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Non-Review Review: Anomalisa

This film was (almost) seen as part of the Audi Dublin International Film Festival 2016.

Anomalisa is a heartbreaking tale of isolation and loneliness, an affecting drama about living in a world that feels illusory.

Directed by Duke Johnson and Charlie Kaufman, from Kaufman’s screenplay adapted from his own stageplay, most of the discussion of Anomalisa has focused upon its unconventional production. The movie was essentially crowdsourced, as the space allocated in the closing credits to the project’s kickstarter backers will attest. However, Anomalisa is also a stop motion production, painstakingly and meticulously filmed using life-like dolls to tell a sad story about adultery and anomie.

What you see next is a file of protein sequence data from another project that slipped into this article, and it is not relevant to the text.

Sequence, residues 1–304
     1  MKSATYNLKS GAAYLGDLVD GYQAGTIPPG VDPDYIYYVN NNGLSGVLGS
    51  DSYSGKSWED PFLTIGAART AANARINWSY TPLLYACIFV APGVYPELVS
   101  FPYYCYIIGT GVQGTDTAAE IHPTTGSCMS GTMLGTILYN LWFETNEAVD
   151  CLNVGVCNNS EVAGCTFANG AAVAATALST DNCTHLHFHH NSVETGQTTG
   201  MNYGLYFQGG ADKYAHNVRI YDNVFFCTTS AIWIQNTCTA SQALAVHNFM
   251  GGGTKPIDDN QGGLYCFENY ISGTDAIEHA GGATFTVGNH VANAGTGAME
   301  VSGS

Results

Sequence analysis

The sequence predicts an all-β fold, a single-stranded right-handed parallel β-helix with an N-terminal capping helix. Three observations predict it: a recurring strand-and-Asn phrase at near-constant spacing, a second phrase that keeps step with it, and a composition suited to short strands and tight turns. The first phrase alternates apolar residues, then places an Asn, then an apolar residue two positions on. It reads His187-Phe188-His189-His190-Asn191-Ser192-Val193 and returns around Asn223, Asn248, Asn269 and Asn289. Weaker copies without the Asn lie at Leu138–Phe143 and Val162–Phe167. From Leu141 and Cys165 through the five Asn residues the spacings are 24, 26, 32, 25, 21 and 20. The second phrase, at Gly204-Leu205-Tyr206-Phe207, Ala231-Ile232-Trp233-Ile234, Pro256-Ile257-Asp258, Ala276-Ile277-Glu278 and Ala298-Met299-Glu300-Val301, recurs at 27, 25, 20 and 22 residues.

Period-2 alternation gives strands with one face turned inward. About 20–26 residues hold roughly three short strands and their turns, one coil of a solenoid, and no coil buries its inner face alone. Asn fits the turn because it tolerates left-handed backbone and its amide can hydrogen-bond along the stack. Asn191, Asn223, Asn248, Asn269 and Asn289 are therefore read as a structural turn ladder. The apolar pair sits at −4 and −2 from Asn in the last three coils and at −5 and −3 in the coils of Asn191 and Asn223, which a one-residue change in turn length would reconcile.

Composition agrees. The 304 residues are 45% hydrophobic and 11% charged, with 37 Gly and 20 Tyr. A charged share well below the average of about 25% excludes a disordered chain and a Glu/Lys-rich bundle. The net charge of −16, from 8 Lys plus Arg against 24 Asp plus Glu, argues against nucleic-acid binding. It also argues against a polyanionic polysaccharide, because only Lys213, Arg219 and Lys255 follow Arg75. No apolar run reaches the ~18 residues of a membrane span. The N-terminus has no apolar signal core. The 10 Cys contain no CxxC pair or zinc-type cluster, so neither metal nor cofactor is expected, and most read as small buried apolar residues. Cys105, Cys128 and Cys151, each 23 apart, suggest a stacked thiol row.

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In some respects, this fascination with form makes sense. After all, Anomalisa is a very human and grounded story. Even allowing for the difficulty that Kaufman had fundraising for the project, it would likely have been more practical to realise the story with living performers in a more conventional style. However, the distinctive technique provides a powerful emotional weight to Johnson and Kaufman’s story. The relative banality of the illusion is very much the much the point.

Anomalisa is not so much a story about fantasy as it is about a disconcerting sense of unreality.

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